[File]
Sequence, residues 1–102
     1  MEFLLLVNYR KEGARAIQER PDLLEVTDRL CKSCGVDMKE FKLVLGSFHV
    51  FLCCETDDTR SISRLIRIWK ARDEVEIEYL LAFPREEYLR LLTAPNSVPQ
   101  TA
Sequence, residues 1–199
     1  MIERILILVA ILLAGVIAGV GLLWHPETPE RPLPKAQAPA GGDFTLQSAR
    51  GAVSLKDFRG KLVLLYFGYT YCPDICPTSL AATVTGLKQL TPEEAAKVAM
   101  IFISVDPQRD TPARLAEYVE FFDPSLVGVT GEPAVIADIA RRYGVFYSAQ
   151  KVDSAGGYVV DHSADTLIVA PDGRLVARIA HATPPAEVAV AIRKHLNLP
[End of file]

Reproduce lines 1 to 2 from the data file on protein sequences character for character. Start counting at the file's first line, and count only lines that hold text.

Sequence, residues 1–102
     1  MEFLLLVNYR KEGARAIQER PDLLEVTDRL CKSCGVDMKE FKLVLGSFHV